But as he graduates from flat ground to half-mound, Harrison's confidence is growing.
"It was a little weird getting off a mound again," Harrison said. "But my back felt good and my arm felt good. It was good to do it again. The first time on a slope is the first test of how I'll feel going downhill. It's not the big slope but it is different from flat ground. It's a good sign that I'm not sore today."
Martin Perez will also take another step Tuesday when he is scheduled to throw off a full mound for the first time this spring. But Perez is coming back from Tommy John surgery. That's a much-pounded path for pitchers, and the recovery process is charted out clearly. The Rangers have every reason to expect Perez's return to competitive pitching at some point this summer.
Harrison's uncharted comeback is still murky. He'll continue to throw off the half-mound this week and then graduate to the full height next Monday. Beyond that is uncertain. But with each step he takes, thoughts of retirement fade from view.
"I feel like if I stay on course and be patient, everything will work out and I'll be back in the game," Harrison said.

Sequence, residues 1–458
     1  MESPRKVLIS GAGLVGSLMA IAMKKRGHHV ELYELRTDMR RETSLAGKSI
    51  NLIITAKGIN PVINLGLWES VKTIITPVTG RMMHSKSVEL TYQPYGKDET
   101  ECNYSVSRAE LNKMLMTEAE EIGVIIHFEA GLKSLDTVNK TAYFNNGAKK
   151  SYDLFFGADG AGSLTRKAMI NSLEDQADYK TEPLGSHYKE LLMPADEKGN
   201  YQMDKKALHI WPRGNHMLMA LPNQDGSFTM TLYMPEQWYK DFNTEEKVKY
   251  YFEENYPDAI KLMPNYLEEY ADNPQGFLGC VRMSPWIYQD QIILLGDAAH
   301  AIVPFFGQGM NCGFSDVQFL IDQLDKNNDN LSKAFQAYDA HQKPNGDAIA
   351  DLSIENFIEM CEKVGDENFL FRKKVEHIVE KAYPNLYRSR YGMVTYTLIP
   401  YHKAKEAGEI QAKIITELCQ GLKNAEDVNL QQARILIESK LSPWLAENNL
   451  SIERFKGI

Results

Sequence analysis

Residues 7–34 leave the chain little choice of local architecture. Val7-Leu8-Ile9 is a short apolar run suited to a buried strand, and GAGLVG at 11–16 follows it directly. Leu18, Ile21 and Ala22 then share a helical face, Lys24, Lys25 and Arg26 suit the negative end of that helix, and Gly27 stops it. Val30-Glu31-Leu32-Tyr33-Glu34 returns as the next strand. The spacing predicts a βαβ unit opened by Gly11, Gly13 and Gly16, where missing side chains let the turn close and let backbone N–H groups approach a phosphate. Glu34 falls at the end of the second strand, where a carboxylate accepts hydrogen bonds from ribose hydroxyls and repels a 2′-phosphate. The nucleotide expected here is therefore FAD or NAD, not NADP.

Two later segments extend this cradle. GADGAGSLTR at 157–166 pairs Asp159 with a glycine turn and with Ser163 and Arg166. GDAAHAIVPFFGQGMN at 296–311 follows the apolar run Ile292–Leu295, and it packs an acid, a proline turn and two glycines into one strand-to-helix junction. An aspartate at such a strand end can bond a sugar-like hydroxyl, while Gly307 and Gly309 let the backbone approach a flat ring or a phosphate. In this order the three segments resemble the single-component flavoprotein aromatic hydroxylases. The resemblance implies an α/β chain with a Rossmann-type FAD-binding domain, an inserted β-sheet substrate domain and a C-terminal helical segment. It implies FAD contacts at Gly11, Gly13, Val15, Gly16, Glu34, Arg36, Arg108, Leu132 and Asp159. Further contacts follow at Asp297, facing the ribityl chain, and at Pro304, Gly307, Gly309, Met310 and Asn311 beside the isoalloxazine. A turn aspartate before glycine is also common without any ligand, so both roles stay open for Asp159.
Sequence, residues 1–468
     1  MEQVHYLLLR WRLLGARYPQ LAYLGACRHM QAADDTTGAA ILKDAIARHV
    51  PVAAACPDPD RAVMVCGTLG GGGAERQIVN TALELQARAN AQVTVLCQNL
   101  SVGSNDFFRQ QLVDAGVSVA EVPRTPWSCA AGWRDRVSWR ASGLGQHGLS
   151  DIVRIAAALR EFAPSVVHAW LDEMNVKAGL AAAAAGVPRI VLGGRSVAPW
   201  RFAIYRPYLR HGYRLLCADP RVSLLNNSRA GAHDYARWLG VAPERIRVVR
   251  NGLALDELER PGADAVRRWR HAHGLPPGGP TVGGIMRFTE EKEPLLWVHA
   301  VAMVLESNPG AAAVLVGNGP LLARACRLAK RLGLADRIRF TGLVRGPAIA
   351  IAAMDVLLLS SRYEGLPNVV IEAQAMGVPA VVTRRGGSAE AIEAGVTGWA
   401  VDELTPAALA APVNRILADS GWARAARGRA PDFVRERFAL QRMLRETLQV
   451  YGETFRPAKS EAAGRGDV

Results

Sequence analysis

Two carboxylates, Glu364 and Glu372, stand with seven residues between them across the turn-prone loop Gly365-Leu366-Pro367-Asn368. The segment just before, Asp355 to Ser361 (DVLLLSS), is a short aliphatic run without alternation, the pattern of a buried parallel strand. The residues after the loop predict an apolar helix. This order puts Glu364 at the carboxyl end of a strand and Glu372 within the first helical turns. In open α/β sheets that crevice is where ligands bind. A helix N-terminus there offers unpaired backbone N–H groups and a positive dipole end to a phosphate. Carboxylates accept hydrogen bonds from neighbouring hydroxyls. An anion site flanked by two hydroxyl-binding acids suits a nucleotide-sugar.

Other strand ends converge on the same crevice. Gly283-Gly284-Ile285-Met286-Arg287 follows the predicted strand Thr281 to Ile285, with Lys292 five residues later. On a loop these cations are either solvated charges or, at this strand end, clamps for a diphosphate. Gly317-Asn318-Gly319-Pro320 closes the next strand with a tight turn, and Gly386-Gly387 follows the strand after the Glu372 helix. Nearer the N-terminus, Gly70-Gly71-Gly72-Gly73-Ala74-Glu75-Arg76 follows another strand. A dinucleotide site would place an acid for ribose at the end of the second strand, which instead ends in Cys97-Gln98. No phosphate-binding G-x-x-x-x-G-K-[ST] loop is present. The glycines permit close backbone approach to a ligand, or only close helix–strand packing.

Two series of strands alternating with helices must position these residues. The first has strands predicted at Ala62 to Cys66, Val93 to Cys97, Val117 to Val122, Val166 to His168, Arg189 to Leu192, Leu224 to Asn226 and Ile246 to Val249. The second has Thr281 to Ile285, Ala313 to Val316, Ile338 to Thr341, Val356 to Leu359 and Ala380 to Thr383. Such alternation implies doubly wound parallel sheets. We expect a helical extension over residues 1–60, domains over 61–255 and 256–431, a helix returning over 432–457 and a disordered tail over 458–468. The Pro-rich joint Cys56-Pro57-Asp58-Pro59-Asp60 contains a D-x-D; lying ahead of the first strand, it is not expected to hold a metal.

Harrison won 32 games for the Rangers in 2011-12. But he has made only six starts the past two seasons while searching for a remedy for his chronic back problems. The fusion surgery was the best option to resume a normal life as a father and husband. Pitching is another matter. Initial reports following the surgery suggested retirement was a far more likely option than pitching again.
Now the odds are slowly tilting the other way.
"I don't think about [retirement] anymore," Harrison said. "It would definitely be hard to do without giving it another shot. The more I learn and the more I understand the rehab, I feel good about the possibility of getting back to a five-day rehab."
Harrison hopes to be on the full mound by next Monday but is still a long way from pitching in any kind of a game. As far as a Major League game, even under best-case scenario, it would probably be in July or later. That still beats the alternative, and patience remains paramount.
"It does get a little old but the more time I take, the better the back feels," Harrison said. "I keep in mind I only have one shot at this."
T.R. Sullivan is a reporter for MLB.com. Read his blog, Postcards from Elysian Fields, and follow him on Twitter @Sullivan_Ranger. This story was not subject to the approval of Major League Baseball or its clubs.